Launch: Architecture and Entrepreneurialism

Course

3239b
History and Theory

Offered

Spring
2017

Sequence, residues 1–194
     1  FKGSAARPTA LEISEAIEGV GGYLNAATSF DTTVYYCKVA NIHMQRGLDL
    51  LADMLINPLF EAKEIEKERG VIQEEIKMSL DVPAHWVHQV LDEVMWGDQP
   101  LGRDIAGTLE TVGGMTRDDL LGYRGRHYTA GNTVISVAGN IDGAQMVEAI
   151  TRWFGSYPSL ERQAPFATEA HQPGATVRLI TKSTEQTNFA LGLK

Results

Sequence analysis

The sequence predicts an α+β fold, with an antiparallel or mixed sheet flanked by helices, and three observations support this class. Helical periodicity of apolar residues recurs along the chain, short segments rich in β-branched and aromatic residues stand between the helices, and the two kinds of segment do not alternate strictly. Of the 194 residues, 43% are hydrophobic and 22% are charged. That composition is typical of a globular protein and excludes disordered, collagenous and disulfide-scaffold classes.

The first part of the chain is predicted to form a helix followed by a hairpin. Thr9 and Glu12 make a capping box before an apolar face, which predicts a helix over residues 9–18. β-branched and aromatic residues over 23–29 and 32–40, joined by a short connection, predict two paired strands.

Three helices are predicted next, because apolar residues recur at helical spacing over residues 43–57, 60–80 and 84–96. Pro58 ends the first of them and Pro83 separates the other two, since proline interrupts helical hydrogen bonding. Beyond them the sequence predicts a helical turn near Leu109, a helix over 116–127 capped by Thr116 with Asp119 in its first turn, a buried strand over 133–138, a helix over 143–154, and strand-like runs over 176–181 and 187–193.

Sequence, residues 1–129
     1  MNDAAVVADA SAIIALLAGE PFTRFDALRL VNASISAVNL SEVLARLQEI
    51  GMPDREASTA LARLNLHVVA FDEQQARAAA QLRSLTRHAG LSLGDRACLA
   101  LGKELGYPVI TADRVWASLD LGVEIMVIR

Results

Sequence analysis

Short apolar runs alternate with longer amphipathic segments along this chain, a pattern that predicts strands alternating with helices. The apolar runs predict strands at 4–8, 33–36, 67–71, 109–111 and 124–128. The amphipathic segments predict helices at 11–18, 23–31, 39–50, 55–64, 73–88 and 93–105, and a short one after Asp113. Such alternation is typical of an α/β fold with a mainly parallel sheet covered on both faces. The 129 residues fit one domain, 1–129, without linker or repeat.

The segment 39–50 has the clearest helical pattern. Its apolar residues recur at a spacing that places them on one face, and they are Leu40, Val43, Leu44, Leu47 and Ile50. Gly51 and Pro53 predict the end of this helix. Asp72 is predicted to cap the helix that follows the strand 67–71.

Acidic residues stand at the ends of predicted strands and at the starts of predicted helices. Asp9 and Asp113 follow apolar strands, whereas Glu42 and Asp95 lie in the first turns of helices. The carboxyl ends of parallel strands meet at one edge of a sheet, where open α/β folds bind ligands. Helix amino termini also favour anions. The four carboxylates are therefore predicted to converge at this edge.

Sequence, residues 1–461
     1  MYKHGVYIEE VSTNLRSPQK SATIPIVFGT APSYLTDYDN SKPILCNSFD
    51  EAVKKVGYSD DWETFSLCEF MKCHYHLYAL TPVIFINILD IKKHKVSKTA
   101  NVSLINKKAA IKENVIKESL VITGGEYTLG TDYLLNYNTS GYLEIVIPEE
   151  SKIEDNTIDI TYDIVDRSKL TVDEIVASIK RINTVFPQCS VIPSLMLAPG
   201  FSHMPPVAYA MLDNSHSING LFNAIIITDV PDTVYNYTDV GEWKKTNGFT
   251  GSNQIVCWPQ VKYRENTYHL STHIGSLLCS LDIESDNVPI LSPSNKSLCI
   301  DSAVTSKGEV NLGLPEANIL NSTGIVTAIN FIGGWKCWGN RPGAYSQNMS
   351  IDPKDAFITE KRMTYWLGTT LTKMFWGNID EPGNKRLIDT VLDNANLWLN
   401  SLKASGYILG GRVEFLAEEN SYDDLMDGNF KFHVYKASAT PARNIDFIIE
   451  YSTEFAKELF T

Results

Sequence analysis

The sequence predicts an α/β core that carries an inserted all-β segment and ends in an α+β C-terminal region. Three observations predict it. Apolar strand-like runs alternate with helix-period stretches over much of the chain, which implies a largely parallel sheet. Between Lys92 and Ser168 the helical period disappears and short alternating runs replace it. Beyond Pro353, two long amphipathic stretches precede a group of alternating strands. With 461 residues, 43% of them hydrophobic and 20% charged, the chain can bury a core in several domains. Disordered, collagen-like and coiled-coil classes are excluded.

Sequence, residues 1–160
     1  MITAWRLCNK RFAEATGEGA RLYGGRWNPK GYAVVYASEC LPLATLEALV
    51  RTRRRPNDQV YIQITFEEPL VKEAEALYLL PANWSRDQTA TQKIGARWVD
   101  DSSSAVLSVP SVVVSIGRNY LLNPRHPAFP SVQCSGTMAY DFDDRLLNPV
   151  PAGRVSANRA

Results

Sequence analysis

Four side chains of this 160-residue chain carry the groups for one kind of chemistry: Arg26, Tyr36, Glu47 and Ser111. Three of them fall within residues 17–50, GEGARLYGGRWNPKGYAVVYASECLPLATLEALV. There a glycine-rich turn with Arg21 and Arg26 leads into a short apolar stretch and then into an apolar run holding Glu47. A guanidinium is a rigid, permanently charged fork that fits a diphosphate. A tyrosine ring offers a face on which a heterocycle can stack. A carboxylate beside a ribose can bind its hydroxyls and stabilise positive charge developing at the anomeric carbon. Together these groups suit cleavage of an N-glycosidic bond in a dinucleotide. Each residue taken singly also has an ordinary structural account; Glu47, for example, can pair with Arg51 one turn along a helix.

This seminar studies the designer as entrepreneur. Contemporary entrepreneurs usually understand not only how to capitalize a business but also how to play market networks with the viral dissemination of both objects and aesthetic regimes. While the architecture profession has absorbed many of the technologies that markets use in their population thinking, practice is nevertheless structured to support architecture conceived as singular creations. This seminar considers both historical and contemporary moments in architectural and urban design when architects conceived of buildings, building components, or formats as repeatable products—products that, in the aggregate, may have the power to create an alteration to a local or global environment. Each week, the seminar considers the work of two or three architects together with texts that provide critical and theoretical inflection. The final project is a business/design-plan wherein students serve as each other’s publicists. The architects/firms considered in the first portion of the course include Burnham and Root; Alvar Aalto; McKim, Mead & White; John Nolen; Thonet designers; the RPAA (MacKaye, Stein, Wright, Bing, Mumford, Whitaker, Chase); Jean Prouvé; Victor Gruen; Morris Lapidus; Charles and Ray Eames; Case Study Houses; Buckminster Fuller; Cedric Price; Archigram; and Emilio Ambasz. In the second portion of the course, a growing number of contemporary examples, such as Chuck Hoberman, SHoP, TED designers, Kieran Timberlake, and Jürgen Mayer, are examined. Limited enrollment.